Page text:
It's understandable: This unconstitutional change in the law by presidential fiat is an admission that Obamacare is not working. Mr. Obama is not one to admit failure — much preferring to point out the supposed failure of others, particularly Republicans.
Giving Americans a smaller lump of coal was not exactly a Christmas present.
Mary Claire Kendall, a Washington-based writer, served in the Department of Health and Human Services under President George H.W. Bush.

KENDALL: Ken Cuccinelli, the Virginian

By Mary Claire Kendall
Monday, October 21, 2013
Originally published in The Washington Times
Illustration by Alexander Hunter for The Washington Times
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It’s tempting to call what’s going on in the Virginia gubernatorial race entertainment, mirroring the dysfunction across the Potomac River in the nation’s capital. It is, unfortunately, real. The outcome will shape the political landscape for years to come, impacting not only the 2014 elections — given the morale and policy boost — but more importantly, the critical 2016 presidential race.
Will the other half of the Clinton power partnership — Hillary Rodham Clinton — sit in the White House, thanks to her buddy Terry McAuliffe working from his perch in the Richmond governor’s mansion, when she seeks the presidency?
Or will a Republican with the seriousness of purpose of a Gov. Ken Cuccinelli, radiating out over the Virginia Commonwealth, occupy the White House come Jan. 20, 2017, thanks to rising Republican leadership?
Make no mistake: Virginia Attorney General Ken Cuccinelli is by far the better candidate for governor than Mr. McAuliffe.
How, though, to get past the lies?
There’s that famous line uttered by Gary Cooper’s character in “The Virginian” (1929), the first Western “talkie,” based on the novel by Owen Wister: “If you wanna call me that — smile.”
Mr. Cuccinelli could say the same to Mr. McAuliffe, who is attempting to distract from his nonexistent governing record by lobbing untruths about the attorney general.
Mrs. Clinton, ending her five-year political hiatus, endorsed Mr. McAuliffe at a rally on Oct. 19, in Falls Church, Va. “I believe Terry has what it takes to lead Virginia forward in this rapidly changing world,” she roared.
The Northern Virginia Technology Council PAC (Tech PAC), which endorsed Mr. Cuccinelli last month, begs to differ.
When Tech PAC met with Mr. McAuliffe, he was “uninformed, superficial, flamboyant, no details, all [expletive deleted],” The Washington Post reported. On the other hand, the council found Mr. Cuccinelli “precise, serious and detail-oriented.”
The Tech PAC endorsement of Mr. Cuccinelli undermines the credentials that Mr. McAuliffe’s campaign touts as the basis for his bid for the governorship — that he is a lifelong pro-business entrepreneur whose administration will be all about jobs.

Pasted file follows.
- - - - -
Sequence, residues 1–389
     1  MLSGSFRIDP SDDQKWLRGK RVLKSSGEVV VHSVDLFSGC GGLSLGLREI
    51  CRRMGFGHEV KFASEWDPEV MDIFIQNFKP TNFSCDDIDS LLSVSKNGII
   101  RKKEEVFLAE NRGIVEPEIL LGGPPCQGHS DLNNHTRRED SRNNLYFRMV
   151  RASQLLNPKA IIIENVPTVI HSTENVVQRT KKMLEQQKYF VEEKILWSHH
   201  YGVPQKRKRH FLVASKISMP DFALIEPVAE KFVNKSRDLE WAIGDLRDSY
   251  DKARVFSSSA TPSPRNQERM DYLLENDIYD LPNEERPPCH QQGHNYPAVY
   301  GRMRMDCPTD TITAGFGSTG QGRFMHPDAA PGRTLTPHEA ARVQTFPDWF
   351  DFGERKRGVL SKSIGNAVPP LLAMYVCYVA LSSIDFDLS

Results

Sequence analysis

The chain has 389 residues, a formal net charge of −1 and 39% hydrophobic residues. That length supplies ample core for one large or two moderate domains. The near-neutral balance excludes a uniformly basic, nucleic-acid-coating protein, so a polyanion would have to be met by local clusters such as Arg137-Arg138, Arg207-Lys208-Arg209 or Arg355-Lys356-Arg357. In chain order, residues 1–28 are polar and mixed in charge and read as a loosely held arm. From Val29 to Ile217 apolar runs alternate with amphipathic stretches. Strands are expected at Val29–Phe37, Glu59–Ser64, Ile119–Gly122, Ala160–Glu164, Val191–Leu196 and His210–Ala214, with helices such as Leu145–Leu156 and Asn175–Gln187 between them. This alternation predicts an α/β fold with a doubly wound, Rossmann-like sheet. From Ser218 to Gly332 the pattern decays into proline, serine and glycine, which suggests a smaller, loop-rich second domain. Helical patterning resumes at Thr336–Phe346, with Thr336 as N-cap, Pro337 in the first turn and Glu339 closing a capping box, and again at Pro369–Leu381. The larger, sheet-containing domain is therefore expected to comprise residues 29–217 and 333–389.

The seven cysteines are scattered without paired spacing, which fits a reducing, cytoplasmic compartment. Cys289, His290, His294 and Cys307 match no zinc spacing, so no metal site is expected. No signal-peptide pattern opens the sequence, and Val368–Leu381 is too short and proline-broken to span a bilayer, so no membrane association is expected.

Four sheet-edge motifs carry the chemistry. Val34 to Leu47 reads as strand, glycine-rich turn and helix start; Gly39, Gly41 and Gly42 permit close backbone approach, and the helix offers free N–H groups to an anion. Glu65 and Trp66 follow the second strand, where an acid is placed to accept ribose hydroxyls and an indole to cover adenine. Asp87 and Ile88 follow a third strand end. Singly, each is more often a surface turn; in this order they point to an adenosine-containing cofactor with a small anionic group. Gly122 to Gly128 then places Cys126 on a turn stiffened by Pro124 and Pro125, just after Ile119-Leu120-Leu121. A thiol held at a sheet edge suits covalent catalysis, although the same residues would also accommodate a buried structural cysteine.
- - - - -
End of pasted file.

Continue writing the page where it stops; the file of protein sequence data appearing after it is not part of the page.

The reaction of Team McAuliffe — warning that the state’s “doors will be closed” to Tech PAC if the organization sticks with its endorsement — also underscores how Mr. McAuliffe’s business success has largely been achieved through his high-powered political connections, most prominently, to the Clintons.
The Virginia state motto, “Sic semper tyrannis” (“Thus always to tyrants”), would need to be replaced by “Quid pro quo” (“this for that”) in a McAuliffe administration, Mr. Cuccinelli said at a Fairfax Chamber of Commerce debate.
If Mr. McAuliffe is elected governor, it’s a good bet Virginia will kiss goodbye Forbes’ recent ranking of the state as the best for business. For one thing, Mr. McAuliffe would rubber-stamp “Barack Obama’s ‘war on coal,’” that would “kill Virginia coal, Virginia jobs.”
In her endorsement, Mrs. Clinton also trumpeted Mr. McAuliffe’s 21 years living in Virginia, i.e., since the Clintons arrived on the Washington political stage.
Here’s the truth, according to The Washington Post: “McAuliffe has been viewed as a Virginia outsider and Washington insider.” The real Virginian is Mr. Cuccinelli, who, unlike Syracuse, N.Y., native Mr. McAuliffe, grew up in the Old Dominion and attended school there, including the University of Virginia.
Mr. McAuliffe is also a Hollywood insider. His contributions from ZIP code 90210 ranking fourth-highest. Mrs. Clinton is headlining a Beverly Hills fundraising luncheon for him on Oct. 30, hosted by media mogul Haim Saban and his wife Cheryl, costing $15,000 per person, and $25,000 per couple.
He’s using all that non-Virginia Hollywood money to tar Mr. Cuccinelli as anti-woman, using camera techniques Hollywood pioneered and knows best. However, if you visited the attorney general’s home, you’d encounter, besides his wife, five daughters running around the house, along with his two young sons — all of whom he wants to succeed beyond their wildest imaginings.
The most pro-woman (and pro-man) policies are those that create jobs. In this regard, actions speak louder than words, and the Tech PAC endorsement of Mr. Cuccinelli speaks volumes. So this real-life drama continues.